Education, of course, plays a critical role in that complex web. The school district can and should play a critical role in violence prevention. I advocate a program that would involve every teacher and counselor from kindergarten through twelfth grade, every parent, every student, and the business community, arts community, and all spiritual and religious leaders. The district needs to provide professional development and curriculum for all teachers, and it needs to be on-going, frequently assessed and evaluated.
Starting with the first week of school, every teacher would focus at least part of their lesson every day, every period, on the subjects of violence, non-violence, and conflict resolution. Science teachers, for example, can teach about communities as ecosystems and what happens when part of the ecosystem is damaged. Math teachers can teach about statistics, such as what happens when a percentage of a population is killed off. The possibilities for English and History teachers are limitless, but I can see a connection in every subject from physical education to foreign language.
The teachers would then revisit the subject at least once a month, for at least part of one period or one day. Consistency is very important. Non-violence as an option is a message that must be constantly restated and re-taught.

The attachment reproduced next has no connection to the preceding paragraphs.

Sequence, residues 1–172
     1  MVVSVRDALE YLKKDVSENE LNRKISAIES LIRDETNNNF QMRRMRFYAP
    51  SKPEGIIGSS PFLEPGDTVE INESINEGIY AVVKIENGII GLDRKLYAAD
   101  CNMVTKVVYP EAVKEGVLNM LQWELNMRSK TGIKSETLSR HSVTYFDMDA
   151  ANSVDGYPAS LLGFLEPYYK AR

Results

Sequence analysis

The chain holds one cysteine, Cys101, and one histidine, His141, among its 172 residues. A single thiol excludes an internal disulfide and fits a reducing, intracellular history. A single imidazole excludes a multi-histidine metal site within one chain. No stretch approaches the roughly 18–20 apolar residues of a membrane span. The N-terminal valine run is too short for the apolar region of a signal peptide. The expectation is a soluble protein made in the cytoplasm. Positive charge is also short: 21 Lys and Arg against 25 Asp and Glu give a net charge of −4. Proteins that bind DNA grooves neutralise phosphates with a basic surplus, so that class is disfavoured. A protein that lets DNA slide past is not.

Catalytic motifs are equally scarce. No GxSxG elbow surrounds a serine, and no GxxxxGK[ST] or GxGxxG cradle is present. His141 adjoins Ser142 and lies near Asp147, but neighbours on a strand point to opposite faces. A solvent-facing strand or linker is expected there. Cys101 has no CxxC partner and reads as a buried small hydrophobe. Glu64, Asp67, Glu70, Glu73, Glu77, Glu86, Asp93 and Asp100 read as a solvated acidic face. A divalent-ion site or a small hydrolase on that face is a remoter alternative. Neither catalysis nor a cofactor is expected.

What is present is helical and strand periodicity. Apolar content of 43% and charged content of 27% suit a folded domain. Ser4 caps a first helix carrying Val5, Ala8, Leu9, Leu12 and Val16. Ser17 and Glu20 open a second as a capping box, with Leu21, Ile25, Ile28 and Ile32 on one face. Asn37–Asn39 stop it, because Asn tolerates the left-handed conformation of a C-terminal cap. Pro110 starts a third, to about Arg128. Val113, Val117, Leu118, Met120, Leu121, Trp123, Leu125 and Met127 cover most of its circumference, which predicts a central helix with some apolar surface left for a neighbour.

Students at every grade level need age-appropriate instruction to understand what happens when a life is lost, or when a person is injured or wounded in act of violence. They need opportunities to discuss the violence that they have witnessed. Those who have committed violence also need a place to talk, without fear of judgment or punishment.
Aung San Suu Kyi, the great Burmese peace leader and Nobel Peace Prize winner, teaches the importance of listening to even those whose actions and ideas may seem abhorrent. It is essential to listen, to ask questions and to learn, if we are to really teach.
The district could then partner with the following groups in these ways:
- Bookstores: some years ago, in Chicago, there was a city-wide effort to have as many people as possible read “To Kill a Mockingbird.” I could see various readings on the subjects of peace, violence, non-violence and historical events related to these things, being promoted here in Oakland, and bookstores could offer the books free or at substantial discounts to anyone willing to come to a reading group, led by interested teachers, parents, and other community members. There could be a range of readings, so younger readers could also participate. Obviously, some of these reading/discussion groups could be virtual; texts could be made available online, and for iPads, Nooks, Kindles and other tablets, and, of course, online book clubs.